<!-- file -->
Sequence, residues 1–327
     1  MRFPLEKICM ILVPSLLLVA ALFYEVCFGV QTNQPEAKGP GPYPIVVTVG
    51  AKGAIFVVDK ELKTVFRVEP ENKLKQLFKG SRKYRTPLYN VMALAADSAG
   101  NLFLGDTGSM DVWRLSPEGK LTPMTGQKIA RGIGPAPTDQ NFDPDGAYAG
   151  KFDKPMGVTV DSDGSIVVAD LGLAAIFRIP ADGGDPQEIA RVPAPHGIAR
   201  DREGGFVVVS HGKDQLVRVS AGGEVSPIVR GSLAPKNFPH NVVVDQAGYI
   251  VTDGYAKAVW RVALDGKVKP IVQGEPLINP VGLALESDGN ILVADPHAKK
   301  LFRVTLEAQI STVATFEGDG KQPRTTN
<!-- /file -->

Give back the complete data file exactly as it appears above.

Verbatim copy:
Sequence, residues 1–327
     1  MRFPLEKICM ILVPSLLLVA ALFYEVCFGV QTNQPEAKGP GPYPIVVTVG
    51  AKGAIFVVDK ELKTVFRVEP ENKLKQLFKG SRKYRTPLYN VMALAADSAG
   101  NLFLGDTGSM DVWRLSPEGK LTPMTGQKIA RGIGPAPTDQ NFDPDGAYAG
   151  KFDKPMGVTV DSDGSIVVAD LGLAAIFRIP ADGGDPQEIA RVPAPHGIAR
   201  DREGGFVVVS HGKDQLVRVS AGGEVSPIVR GSLAPKNFPH NVVVDQAGYI
   251  VTDGYAKAVW RVALDGKVKP IVQGEPLINP VGLALESDGN ILVADPHAKK
   301  LFRVTLEAQI STVATFEGDG KQPRTTN